- Skin cancer and tanning beds
- March 28, 2014
A skin cancer diagnosis can be a frightening experience that dramatically impacts even a survivor’s quality of life – from various medical procedures to higher life insurance rates.
According to the American Academy of Dermatology, skin cancer is the most common form of cancer in the United States. In 2015, it is estimated that one in 50 Americans will develop melanoma and one in five Americans will develop skin cancer in their lifetime.
Despite this staggering number, many young people continue to use tanning machines, despite warnings that doing so carries the same level of cancer risk that smoking cigarettes does.
To try to get the message out to this demographic, one of the nation’s leading skin cancer organizations – the Skin Cancer Foundation – has taken a new approach to address this issue.
They have enlisted help from high-level fashion professionals – such as editors from W magazine – to talk about how tanning is outmoded and tends to make people less attractive.
“I can’t remember the last time I saw a tanned model in my magazine or on the runway,” quoted Jane Larkworthy, beauty director of W in a recent announcement by the Skin Cancer Foundation. “Skin that is not tan is gorgeous.”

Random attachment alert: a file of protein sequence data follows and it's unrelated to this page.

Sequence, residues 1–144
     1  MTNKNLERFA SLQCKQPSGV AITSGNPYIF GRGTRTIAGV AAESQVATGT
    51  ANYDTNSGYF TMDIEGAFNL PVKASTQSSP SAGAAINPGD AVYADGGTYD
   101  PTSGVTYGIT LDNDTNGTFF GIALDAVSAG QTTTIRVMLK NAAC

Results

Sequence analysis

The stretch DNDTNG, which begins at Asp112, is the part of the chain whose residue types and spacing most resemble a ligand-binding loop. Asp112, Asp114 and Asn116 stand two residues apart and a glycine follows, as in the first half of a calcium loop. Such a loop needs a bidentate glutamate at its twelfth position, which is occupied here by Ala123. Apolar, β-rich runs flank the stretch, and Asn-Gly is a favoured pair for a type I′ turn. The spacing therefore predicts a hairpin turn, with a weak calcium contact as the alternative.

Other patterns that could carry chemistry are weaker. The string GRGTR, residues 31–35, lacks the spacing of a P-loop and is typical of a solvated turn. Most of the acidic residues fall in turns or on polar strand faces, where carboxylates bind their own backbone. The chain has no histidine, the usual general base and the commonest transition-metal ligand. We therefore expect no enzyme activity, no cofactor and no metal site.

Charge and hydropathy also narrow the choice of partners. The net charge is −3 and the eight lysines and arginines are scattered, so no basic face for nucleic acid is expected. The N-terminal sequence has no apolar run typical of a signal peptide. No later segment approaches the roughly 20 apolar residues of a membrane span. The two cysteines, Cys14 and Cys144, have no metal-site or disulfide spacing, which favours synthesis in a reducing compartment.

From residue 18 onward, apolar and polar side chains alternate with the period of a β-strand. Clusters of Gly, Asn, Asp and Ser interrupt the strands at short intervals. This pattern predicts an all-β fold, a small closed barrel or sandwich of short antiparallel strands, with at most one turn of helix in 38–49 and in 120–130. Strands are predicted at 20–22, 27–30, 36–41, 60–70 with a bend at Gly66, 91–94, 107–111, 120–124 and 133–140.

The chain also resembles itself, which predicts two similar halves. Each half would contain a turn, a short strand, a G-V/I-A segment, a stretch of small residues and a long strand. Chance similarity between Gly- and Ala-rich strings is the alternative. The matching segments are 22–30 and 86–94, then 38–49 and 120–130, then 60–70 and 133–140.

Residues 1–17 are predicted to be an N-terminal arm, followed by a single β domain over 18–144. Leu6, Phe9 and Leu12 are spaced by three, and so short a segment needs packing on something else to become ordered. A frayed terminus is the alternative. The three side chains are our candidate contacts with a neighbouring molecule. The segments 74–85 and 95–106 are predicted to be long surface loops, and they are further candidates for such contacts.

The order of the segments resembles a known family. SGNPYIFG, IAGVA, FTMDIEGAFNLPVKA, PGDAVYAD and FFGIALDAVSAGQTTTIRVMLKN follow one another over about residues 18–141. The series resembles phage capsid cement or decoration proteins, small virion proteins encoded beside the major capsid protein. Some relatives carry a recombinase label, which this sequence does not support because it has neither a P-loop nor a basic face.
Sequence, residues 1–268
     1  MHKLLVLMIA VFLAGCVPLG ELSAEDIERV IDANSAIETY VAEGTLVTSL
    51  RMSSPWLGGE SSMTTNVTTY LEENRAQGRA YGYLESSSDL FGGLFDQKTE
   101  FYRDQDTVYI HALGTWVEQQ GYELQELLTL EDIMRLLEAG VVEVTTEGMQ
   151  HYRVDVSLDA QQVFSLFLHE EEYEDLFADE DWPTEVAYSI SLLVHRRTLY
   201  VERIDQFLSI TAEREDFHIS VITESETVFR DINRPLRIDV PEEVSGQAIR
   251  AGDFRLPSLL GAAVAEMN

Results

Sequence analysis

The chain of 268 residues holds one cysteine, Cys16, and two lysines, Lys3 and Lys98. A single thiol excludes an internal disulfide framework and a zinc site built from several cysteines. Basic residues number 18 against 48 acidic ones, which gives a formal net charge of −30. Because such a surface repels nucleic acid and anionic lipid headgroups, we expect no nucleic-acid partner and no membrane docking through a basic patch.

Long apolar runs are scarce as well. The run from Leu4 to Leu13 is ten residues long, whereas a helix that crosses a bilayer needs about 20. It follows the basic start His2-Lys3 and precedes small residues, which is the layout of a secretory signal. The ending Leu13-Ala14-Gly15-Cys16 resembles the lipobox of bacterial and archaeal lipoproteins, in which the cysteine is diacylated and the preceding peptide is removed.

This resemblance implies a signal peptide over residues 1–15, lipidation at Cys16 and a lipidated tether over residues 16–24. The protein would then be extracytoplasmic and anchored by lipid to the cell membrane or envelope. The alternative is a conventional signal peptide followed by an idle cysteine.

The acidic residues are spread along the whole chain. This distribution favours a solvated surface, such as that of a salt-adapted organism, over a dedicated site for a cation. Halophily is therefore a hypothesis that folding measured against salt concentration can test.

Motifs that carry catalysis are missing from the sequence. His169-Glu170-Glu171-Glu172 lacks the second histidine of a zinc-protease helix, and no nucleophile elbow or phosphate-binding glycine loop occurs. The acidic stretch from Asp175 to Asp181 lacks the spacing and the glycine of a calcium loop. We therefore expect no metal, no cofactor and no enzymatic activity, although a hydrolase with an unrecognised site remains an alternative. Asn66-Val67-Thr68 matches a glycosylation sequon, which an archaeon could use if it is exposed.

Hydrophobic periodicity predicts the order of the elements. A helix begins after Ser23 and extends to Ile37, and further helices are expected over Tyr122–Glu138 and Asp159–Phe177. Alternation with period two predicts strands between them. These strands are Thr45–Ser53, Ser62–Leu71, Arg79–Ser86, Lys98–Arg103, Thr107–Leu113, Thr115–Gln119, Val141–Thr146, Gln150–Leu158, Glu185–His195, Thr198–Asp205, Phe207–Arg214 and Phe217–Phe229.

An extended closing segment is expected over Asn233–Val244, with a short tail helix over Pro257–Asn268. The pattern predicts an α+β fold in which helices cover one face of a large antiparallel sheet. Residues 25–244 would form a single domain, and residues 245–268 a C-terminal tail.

The campaign has also been giving women advice on how they can achieve a healthy glow for their skin without subjecting themselves to tanning beds that can leave them with unnatural tones.
“A healthy glow does not mean a tan. A healthy glow means your natural skin tone,” said Sarah Brown, Vogue’s Beauty Director in a press release from the Skin Cancer Foundation.
The foundation recently reported that researchers have found that a mix of skin cancer education and self-tanning products are often sufficient to get many women to give up using tanning beds.
More information about sunless tanning products can be found here.
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